Monday, December 31, 2007

Smoked Pork Shoulder

We realized a small dream the other day.

Longtime readers may remember that I own a smoker, which I dubbed the Battle Droid for its black, tall, cylindrical body and its three squat legs. It was a wedding present from our friends Tom and Carol, but our friends Tim and Mitch have baby-sat it for the 4 ½ years since then. We lack any sort of outdoor area where we can set up a device that streams out clouds of smoke.

At least we did.

A few weeks back, we moved the smoker to the house. The other day, I practically skipped home with a pork shoulder. I cured it overnight with a dry rub of salt, dried oregano, pepper, and caraway, and smoked it the next day on our back deck. As we stripped bright blue paint from our kitchen walls, the Battle Droid puffed away, slow-cooking the meat in a cloud of light gray applewood smoke.

That night, I carved slices from the tender shoulder. Each had a deep pork flavor infused with a hearty smokiness. I served it simply, placing braised Brussels sprouts and carrots to the side. With a glass of wine in my hand (Dover Canyon’s “Alto Pomar,” a Rhône blend), I daydreamed about all the food our smoker will produce. (This week, I’ll be putting the shoulder on sandwiches with a persillade spread: parsley, lemon, and garlic.)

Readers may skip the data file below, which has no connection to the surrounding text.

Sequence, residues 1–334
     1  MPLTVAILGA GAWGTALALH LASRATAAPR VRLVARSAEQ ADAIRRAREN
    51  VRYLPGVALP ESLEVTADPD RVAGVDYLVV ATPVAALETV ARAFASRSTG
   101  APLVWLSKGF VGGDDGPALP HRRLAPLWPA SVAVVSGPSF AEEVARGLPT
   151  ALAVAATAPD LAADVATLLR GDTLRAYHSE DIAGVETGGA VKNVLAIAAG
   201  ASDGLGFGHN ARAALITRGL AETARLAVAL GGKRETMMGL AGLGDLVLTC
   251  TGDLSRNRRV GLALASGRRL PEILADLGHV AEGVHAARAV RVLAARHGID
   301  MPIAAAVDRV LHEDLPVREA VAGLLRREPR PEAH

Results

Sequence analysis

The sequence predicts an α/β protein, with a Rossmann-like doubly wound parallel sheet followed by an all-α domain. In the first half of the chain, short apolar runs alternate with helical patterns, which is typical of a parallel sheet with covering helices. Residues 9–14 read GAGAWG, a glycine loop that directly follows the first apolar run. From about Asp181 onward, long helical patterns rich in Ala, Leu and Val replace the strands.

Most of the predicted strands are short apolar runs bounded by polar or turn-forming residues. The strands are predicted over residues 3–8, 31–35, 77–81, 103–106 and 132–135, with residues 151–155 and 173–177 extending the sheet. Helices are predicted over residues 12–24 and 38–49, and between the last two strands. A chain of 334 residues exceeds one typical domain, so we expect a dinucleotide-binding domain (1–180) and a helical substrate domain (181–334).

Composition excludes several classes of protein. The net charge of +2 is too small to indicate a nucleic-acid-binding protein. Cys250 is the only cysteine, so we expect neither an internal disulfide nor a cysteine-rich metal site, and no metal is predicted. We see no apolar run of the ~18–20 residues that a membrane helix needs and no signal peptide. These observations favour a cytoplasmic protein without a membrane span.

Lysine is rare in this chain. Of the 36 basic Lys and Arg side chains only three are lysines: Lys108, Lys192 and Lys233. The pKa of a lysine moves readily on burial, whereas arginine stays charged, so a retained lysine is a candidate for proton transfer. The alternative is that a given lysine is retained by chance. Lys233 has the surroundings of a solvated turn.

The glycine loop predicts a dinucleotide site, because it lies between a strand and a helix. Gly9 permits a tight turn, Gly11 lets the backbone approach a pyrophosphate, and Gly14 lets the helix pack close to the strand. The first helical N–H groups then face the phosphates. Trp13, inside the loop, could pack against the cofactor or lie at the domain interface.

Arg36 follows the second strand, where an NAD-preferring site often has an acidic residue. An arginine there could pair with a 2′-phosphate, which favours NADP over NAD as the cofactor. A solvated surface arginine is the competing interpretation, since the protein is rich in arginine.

“No pictures?” you ask. My photographer is currently the general contractor on a major house renovation, so we’ll have to make do with me flying solo for a bit.


Tuesday, December 25, 2007

UPS Ruined My Christmas Eve Dinner

“The rabbit died,” wrote my mom’s husband. So much for that last hope, I thought. Three days of miscommunication and stress, and one rabbit’s life, all for naught.